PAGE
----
There is no doubt that certain books children read are made especially for boys or for girls. Like any developmental form of entertainment, from toys to movies, children's books are often littered with hints that dictate whether they were originally meant for male or female enjoyment. Sometimes these hints can be as simple as the specific gender of the main characters, for example Carolyn Keene's Nancy Drew series calls for a female audience while the extremely similar yet sexually opposite Hardy Boys mysteries fall into the hands of boys, yet other times more important factors decide who the book will best be suited for. Gary Paulsen's Hatchet and Katherine Patersons's The Great Gilly Hopkins are books for a boy and a girl, respectively, yet aside from the gender of their protagonist they also use a heavy reliance on setting, parental interactions, and self-development to truly reach their intended readership. And though on the surface this “novel for boys” and “novel for girls” couldn't be more dissimilar, their authors use these factors to mask the fact that they are really both gender-specific renderings of the same story: a domestic survival tale.
Gary Paulsen's Hatchet follows in the footsteps of other famous novels for boys such as Daniel Defoe's Robinson Crusoe and William Golding's Lord of the Flies, and indeed this literary pedigree alone might be enough to qualify its intended audience. It's the type of story boys love, the type that littered the pages of The Boy's Own Paper and lived in the heart of many a boy scout: that of a boy dropped in the wilderness who must learn to conquer the elements and fend for himself. What Paulsen brings to this oft-told tale however, and what differs it from other works of its ilk, is a domestic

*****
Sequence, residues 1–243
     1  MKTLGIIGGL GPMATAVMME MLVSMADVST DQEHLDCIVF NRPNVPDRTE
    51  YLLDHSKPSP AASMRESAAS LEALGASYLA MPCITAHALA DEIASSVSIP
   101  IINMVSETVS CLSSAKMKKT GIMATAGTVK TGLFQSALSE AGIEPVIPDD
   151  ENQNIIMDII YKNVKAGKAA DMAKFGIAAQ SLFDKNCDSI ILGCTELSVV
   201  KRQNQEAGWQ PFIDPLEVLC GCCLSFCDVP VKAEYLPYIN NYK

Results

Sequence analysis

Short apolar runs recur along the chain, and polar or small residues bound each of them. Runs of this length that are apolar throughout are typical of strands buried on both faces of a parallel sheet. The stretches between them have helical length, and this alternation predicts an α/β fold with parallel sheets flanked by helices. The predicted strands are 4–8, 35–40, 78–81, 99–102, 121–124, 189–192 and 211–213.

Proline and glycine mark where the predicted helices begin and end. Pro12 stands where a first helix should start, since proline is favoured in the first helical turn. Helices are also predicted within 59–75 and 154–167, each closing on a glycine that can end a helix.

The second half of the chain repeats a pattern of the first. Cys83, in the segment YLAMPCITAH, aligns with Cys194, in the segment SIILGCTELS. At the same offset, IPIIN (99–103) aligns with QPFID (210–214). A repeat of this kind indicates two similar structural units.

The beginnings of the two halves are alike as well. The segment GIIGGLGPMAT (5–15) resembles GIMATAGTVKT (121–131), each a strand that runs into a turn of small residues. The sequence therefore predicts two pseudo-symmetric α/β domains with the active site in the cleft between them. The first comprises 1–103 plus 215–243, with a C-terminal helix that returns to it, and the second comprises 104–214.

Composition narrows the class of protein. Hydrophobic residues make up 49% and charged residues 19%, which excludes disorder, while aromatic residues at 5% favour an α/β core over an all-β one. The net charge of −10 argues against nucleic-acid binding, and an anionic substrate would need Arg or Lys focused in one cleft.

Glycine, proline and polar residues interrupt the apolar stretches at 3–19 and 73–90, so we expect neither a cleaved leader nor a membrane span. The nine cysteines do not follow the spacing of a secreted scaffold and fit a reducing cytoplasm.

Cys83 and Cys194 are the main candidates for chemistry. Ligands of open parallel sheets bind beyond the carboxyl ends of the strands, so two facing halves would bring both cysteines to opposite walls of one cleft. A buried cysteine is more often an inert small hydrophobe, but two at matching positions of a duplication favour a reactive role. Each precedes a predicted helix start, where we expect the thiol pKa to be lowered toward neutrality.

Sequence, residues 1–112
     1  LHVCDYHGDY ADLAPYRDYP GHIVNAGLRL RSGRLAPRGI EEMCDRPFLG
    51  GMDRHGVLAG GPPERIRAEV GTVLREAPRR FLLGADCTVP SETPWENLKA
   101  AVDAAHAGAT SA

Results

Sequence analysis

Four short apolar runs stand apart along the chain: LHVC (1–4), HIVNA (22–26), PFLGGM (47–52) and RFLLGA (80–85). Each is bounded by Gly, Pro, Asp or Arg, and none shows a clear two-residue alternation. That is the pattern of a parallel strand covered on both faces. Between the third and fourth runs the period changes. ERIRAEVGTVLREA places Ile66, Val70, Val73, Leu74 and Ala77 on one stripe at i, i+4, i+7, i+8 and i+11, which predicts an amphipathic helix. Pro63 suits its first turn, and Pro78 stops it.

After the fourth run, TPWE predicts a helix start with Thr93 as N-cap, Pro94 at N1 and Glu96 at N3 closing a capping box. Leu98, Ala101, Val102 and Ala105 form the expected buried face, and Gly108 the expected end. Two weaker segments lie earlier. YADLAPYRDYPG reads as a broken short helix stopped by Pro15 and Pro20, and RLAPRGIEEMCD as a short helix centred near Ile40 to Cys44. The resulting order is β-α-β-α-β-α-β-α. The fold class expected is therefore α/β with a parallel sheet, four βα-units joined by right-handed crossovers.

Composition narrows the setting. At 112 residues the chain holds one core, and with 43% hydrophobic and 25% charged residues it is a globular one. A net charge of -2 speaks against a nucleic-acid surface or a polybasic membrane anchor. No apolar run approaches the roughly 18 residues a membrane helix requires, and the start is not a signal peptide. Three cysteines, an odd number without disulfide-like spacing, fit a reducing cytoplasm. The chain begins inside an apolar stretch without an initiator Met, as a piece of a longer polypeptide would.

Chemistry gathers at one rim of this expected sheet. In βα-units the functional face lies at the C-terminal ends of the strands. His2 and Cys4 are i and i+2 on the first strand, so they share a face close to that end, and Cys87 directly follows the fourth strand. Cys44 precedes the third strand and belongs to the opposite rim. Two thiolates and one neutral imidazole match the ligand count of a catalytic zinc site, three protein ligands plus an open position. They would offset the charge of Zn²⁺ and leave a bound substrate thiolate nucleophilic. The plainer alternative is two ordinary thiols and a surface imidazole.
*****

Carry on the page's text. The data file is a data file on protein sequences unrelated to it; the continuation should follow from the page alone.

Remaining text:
bent. Whereas Defoe's Crusoe was a full-grown man with a taste for adventure and the children in Lord of the Flies were grouped together with very little information given about their background, Paulsen's hero Brian Robeson's adventure begins with the dissolution of his parents marriage. Hatchet's survival story, then, is two-fold. Because stereotypically boys are less focused on the emotional aspect of things, and boys raised on G.I. Joes as opposed to a game of “house” are less interested in domesticity, the adventure trappings of Hatchet serve to mask what is really happening in the story.
When Brian crashes in the woods he has already been set adrift by the rift between his parents, has already been left as one that will have to survive on his own. Brian was comfortable in the security of his stable familial unit but now he is left alone in a new world, the untamed wilderness of a broken home. These aspects of divorce and infidelity, however, would hold no real sway over young male readers, so it is made real by the woods that Brian finds himself in. Everything he has to do in the woods revolves around a “home”. When Brian takes stock of everything he must do once he first...